May 25, 2004
The $40-a-Barrel Mistake
o what's the reason for the spectacular rise in crude oil prices to more than $40 a barrel? While there is plenty of blame to go around, responsibility rests largely on the defective — if well-meaning — policies pursued in the last couple of years by the two most important countries in the global oil market: Saudi Arabia and the United States.
This year's oil saga has its roots in the Venezuelan oil strike that took place in the winter of 2002-2003 and removed some 200 million barrels of crude oil and gasoline from the world market.
In response to the strike, the United States made two strategic mistakes. First, it refused to compensate for the drop in supply by releasing oil from the Strategic Petroleum Reserve. (Understandable, given a war on the horizon.) Second, it accepted assurances from Saudi Arabia that the kingdom would increase production to make up for the Venezuelan shortfall.
Missing from the picture? Geography. Venezuelan oil can get to the United States in six days; Saudi oil can take up to two months to make it to American refineries. To complicate matters, Saudi Arabia was slow to increase output, waiting until late January and early February of 2003 to raise production, 45 days after the Venezuelan disruption began.
These problems were compounded by the administration's determination to use the strategic reserve only in dire emergencies. Under previous administrations, reserve oil was often released after a natural disaster or a spike in prices. This kept prices down because oil traders tended to believe that prices consistently above $35 a barrel would lead to the use of the reserve — and options were priced on that belief. With its policy, the Bush administration essentially told the market that there would be no effective lid on prices.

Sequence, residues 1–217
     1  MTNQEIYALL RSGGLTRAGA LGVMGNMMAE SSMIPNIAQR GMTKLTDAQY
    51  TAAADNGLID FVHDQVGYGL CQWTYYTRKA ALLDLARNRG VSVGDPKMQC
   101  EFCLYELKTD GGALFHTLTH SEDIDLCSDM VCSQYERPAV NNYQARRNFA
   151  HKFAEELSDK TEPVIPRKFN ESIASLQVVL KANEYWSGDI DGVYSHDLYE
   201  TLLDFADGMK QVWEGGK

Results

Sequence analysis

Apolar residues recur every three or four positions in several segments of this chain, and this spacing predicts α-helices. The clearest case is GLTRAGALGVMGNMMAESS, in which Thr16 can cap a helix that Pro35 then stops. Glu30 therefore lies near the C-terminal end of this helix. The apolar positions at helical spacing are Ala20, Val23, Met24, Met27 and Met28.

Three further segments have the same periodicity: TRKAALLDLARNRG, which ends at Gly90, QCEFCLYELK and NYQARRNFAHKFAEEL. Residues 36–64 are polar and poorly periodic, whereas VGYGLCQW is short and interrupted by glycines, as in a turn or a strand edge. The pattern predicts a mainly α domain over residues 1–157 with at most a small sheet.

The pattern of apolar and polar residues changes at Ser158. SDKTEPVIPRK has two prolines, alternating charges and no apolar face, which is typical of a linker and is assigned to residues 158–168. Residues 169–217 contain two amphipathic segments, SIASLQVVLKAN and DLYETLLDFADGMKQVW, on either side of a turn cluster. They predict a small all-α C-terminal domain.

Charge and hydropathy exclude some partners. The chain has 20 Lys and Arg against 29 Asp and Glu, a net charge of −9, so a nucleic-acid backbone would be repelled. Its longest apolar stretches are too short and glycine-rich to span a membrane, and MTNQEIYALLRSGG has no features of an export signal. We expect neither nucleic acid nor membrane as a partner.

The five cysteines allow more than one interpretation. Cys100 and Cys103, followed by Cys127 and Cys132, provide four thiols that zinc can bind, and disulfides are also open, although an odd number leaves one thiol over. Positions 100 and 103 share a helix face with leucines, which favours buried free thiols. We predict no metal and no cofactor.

How can the administration rectify its mistakes? It could calm the market by moving away from its emergency-only stance. It could also stop buying oil to add to the strategic reserve. The government has done a good job making sure that the reserve is at its 700-million barrel capacity. But now that we are close to that goal there is no reason to keep buying oil at exorbitant prices.
And Saudi Arabia? The Saudis have benefited from being the world's residual supplier. Estimates are that the windfall from higher prices and higher production in 2003 came to some $42 billion. Over the past year, the Saudis have increased output to make up for lost flows from Venezuela, from a strike in Nigeria and, of course, from the disruption associated with Iraq.
Like the Americans, though, they have made mistakes. Their insistence in OPEC on high base prices for oil — combined with Washington's virtual removal of a price ceiling — has made life a lot easier for speculators. In addition, their release, in a public-relations effort, of previously secret data about their reserves and their production capacity has had the reverse effect of damaging their credibility. After all, if they hid this information from the world, what else could they be concealing? Finally, Saudi Aramco's inability to get oil to refiners on a timely basis has undermined its control over global prices.
So what can the Saudis do? They can begin moving oil from their production base to storage facilities in Asia, Europe and North America, shortening the supply chain and making them a genuine supplier of last resort. With these steps, both the Saudi and the American governments can recapture the credibility necessary to lead — and shape — the global oil markets.
Edward L. Morse, deputy assistant secretary of state for international energy policy from 1978 to 1981, is an adviser to Hetco, an oil trading company. Nawaf Obaid, the author of "The Oil Kingdom at 100: Petroleum Policymaking in Saudi Arabia," is an adviser to the Saudi government.